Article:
Insights into teen health and well-being
In July 2016, the Department of Education published a report on teen health and well-being with survey results from 30,000 Year 10 (14 year old) pupils and parents comparing two cohorts - one from 2005 and one from 2014.
It is clear that the year 10 students who were interviewed in 2014 had markedly different attitudes and behaviours than those spoken to in 2005. How have things changed in those nine years?
First the 'good' news:
Young people in 2014 are significantly more ‘serious’ than their predecessors.
They were more likely to believe in the importance of hard work - equating hard work with success.
They were more positive about school.
Less likely to play truant (13% in 2014 vs 23% in 2005).
More likely to have aspirations to study A Levels (65% vs 59%) and apply to university (71% vs 60%).
Less likely to be excluded both temporarily (4% vs 8%) and permanently (0.4% vs 0.8%)
Less likely to be kept from school by parents (other than illness) (16% vs 23%)
Markedly less likely to engage in a raft of risky behaviours including smoking, using cannabis, shoplifting, graffiti and vandalism.
Depression and anxiety in boys fell (15% vs 17%).
Instances of bullying fell (36% vs 41%).
However, less positively, there was a social gradient for the majority of these measures, with young people from disadvantaged families faring less well than those from more privileged families, suggesting that efforts to address these inequalities are still required.
Another negative is that there was an increase in psychological distress amongst girls (37% vs 34%). Young people in single parent and step families and those with a long-standing illness or disability that affects their school work also tended to fare less well.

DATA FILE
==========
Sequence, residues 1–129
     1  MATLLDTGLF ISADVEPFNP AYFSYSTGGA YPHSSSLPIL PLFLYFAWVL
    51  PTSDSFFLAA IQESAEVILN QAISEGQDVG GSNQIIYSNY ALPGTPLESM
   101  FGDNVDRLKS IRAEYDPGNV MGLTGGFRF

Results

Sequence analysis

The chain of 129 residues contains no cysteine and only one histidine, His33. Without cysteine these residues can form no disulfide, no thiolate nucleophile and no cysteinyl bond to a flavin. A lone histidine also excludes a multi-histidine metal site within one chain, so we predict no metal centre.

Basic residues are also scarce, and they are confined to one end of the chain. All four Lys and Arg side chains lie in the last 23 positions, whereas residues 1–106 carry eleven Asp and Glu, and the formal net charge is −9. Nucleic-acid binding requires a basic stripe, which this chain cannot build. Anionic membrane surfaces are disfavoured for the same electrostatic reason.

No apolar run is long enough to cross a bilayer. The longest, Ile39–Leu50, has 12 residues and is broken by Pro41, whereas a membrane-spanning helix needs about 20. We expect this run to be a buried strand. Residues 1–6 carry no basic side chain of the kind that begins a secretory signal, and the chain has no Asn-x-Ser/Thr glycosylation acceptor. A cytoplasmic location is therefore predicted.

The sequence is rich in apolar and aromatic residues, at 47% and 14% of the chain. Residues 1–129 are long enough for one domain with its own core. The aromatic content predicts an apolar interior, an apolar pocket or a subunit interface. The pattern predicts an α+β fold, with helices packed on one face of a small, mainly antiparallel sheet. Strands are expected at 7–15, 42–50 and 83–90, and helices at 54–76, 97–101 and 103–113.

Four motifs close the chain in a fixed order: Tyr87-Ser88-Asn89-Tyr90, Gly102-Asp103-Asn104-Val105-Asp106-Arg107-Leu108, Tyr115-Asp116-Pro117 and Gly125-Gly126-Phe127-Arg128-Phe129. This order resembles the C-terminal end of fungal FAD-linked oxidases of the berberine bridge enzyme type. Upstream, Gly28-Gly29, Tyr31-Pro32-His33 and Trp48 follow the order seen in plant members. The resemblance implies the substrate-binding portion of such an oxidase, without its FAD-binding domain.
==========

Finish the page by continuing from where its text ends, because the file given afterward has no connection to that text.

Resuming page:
Interestingly, young people from relatively advantaged backgrounds were actually slightly more likely to exhibit psychological distress than those from less advantaged families. In particular, high parental education correlated with a higher incidence of psychological distress. There is a danger in assuming that a given young person will be ‘fine’ just because they come from a more advantaged or well-educated family – mental health issues can affect people from all backgrounds.
Young people in 2014 also had a lower ‘locus of control’ (the extent to which they believe they can control events affecting them). The lower locus of control might seem understandable bearing in mind the challenging economic environment in which they have been growing up.
As you might expect, the media in general focused on the increase in psychological distress of teenage girls rather than the positives with headlines such as 'More than third of teenage girls in England suffer depression and anxiety'
In media articles, the increase in psychological distress for girls was put down to the challenges of 21st century life such as pressure to achieve at school, body image worries, early sexualisation, social media exposure - living life in open, perfectionism, less community. parents working longer hours, etc.
To see how a church can help, see my earlier blog on 'Resources for youth mental health'.
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Geoff Knott, 04/10/2016